"The current and proposed budgets are not sufficient to improve or even maintain the safety risk level of operating the Space Shuttle and ISS. Needed restorations and improvements cannot be accomplished under current budgets and spending priorities."

1 October 2003: NASA Lessons Learned: Space Shuttle Program/Logistics/Cannibalization

"As reported last year, long-term projections are still suggesting increasing cannibalization rates, increasing component repair turnaround times, and loss of repair capability for the Space Shuttle logistics programs. If the present trend is not arrested, support difficulties may arise in the next 3 or 4 years."

1 October 2003: NASA Lessons Learned: Space Shuttle/Ground Processing Infrastructure/Aging and Obsolescence

"The KSC facilities, ground support equipment, and test and checkout gear to support Space Shuttle processing and launch operations continue to age. The status of the potential readiness of these essential assets has been projected, but there is no detailed, funded plan to ensure that this aging infrastructure can safely support the Space Shuttle for its likely operational life."

1 October 2003: NASA Lessons Learned: Space Shuttle Automatic Landing Capabilities

"The space Shuttle system presently includes an autoland system that provides automated guidance capable of navigating the orbiter to the selected landing runway."

1 October 2003: NASA Lessons Learned: Workforce/Integration of New Personnel/Stress Levels

"NASA's recent hiring of inexperienced personnel, along with continuing shortages of experienced, highly-skilled workers, has produced the challenge of training and integrating employees into organizations that are highly pressured by the expanded Space Shuttle flight rates associated with the ISS. There is no systematic effort to capture the knowledge of experienced personnel before they leave. Stress levels within the workforce are a continuing concern."

1 October 2003: NASA Lessons Learned: Space Shuttle Program/Operations-Processing/Workforce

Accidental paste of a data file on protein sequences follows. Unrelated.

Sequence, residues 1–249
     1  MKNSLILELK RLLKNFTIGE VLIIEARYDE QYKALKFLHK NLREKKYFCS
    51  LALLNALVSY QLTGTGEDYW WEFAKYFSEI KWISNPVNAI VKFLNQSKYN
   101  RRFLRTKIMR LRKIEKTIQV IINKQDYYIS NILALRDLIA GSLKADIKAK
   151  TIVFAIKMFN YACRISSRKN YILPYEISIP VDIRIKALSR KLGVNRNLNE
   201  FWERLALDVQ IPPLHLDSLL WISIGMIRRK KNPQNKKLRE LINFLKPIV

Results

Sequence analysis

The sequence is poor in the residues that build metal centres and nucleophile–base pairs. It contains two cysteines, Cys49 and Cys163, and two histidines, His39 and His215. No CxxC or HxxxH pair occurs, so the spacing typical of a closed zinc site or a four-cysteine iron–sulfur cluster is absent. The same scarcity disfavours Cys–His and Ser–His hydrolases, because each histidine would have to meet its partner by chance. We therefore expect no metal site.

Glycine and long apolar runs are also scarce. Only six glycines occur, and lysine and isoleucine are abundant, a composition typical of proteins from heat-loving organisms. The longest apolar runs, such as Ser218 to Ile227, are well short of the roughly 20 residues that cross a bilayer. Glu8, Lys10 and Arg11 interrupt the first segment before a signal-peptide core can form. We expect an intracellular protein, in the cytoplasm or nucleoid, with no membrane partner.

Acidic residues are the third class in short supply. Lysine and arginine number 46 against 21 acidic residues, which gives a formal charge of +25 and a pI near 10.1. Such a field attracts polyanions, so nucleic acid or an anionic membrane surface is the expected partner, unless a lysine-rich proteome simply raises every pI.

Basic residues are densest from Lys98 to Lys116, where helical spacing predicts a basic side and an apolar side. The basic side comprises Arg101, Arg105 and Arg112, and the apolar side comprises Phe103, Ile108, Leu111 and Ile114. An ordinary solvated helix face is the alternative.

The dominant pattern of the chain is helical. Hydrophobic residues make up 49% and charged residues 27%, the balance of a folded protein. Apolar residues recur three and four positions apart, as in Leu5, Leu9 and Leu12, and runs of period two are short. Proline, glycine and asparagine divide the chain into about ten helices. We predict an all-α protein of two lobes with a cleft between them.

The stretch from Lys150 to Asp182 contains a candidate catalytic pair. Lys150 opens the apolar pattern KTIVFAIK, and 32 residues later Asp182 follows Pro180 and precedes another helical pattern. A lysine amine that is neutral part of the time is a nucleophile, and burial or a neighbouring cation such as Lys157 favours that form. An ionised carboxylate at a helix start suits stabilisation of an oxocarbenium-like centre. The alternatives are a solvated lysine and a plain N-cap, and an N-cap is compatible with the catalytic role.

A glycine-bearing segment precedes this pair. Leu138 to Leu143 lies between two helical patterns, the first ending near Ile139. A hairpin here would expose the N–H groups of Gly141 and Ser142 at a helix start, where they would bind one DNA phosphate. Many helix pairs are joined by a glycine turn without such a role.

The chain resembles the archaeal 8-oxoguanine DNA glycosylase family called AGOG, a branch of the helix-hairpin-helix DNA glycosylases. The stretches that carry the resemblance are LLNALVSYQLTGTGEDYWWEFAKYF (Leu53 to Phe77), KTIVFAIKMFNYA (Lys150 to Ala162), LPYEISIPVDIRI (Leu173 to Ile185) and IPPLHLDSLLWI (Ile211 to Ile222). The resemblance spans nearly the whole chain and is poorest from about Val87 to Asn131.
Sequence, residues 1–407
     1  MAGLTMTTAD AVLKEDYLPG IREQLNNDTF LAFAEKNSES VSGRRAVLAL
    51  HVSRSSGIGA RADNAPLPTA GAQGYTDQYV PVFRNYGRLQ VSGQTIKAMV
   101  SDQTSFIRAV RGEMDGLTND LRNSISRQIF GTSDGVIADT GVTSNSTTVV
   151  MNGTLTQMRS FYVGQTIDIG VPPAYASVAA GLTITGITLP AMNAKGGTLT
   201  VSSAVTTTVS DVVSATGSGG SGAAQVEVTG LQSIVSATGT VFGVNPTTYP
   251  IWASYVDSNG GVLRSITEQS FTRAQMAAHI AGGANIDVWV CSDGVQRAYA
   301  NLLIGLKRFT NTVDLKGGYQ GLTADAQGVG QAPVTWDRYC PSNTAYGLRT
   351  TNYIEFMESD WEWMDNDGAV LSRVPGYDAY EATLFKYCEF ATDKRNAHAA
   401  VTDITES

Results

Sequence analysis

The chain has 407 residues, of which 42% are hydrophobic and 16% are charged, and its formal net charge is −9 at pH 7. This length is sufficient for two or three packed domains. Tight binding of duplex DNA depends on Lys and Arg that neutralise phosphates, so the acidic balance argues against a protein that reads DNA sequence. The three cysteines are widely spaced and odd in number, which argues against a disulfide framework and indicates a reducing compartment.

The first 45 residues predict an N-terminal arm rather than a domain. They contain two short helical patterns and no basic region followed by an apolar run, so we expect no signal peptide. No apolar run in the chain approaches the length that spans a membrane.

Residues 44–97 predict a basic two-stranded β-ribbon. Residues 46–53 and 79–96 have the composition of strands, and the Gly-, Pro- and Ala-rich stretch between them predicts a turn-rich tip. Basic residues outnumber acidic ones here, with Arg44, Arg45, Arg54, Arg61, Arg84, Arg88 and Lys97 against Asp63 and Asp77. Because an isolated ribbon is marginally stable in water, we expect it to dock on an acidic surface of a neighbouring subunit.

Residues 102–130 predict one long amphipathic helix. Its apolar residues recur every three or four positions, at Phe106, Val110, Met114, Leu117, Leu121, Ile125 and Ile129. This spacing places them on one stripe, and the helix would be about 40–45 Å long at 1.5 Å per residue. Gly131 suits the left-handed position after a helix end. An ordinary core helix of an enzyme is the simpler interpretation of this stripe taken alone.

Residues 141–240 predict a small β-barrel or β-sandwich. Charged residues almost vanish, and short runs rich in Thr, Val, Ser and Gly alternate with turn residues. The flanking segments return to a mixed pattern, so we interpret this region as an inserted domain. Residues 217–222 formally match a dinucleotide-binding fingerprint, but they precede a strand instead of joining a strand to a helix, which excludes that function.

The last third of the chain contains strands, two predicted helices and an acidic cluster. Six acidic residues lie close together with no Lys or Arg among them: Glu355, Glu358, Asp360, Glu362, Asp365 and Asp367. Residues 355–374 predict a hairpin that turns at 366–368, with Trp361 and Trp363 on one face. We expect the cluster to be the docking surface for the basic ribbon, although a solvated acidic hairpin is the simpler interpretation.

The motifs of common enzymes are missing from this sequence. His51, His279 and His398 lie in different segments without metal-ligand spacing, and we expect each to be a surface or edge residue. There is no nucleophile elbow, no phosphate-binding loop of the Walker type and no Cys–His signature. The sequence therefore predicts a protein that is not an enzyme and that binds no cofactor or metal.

"The combined effect of workforce downsizing, the recent hiring freeze, and the Shuttle Processing contract (SPC) transition, especially at KSC, has raised the possibility that NASA senior managers in the future will lack the necessary hands-on technical knowledge and in-line experience to provide effective insight of operations."

1 October 2003: NASA Lessons Learned: Space Shuttle Program/Workforce/Workload Sustainment

"Space Shuttle processing workload is sufficiently high that it is unrealistic to depend on the current staff to support higher flight rates and simultaneously develop productivity improvements to compensate for reduced head counts. NASA and Shuttle Processing Contract (SPC) cannot depend solely on improved productivity to meet increasing launch demands."

1 October 2003: Space Shuttle Independent Oversight Act of 2003 (Full Text)

1 October 2003: Rep. Hall Introduces Legislation on Oversight of Shuttle Safety

"Congressman Ralph M. Hall (D-TX) today introduced the "Space Shuttle Independent Oversight Act of 2003", legislation that authorizes the National Academies of Sciences and Engineering to establish an independent committee to oversee NASA's implementation of the recommendations of the Columbia Accident Investigation Board. Congressman Dana Rohrabacher (R-CA), Chairman of the Space and Aeronautics Subcommittee, and Congressman Bart Gordon (D-TN), Ranking Member of the Subcommittee, joined Mr. Hall as original co-sponsors."

2 October 2003: Lawmaker proposes watchdogs for NASA, Orlando Sentinel

"NASA spokesman Robert Mirelson said agency officials haven't seen Hall's legislation and would not comment on it. But the agency welcomes additional oversight and the opportunity to work with Congress, he said."



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This page is an archive of entries in the Columbia category from October 2003.